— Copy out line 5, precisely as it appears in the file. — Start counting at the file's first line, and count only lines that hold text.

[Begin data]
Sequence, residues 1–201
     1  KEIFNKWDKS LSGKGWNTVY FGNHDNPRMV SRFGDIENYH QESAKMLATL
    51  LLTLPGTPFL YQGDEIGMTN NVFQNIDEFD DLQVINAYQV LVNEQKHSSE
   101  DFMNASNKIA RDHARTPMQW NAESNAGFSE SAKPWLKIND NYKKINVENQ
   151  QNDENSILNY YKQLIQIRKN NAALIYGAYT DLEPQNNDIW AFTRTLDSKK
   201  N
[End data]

   151  QNDENSILNY YKQLIQIRKN NAALIYGAYT DLEPQNNDIW AFTRTLDSKK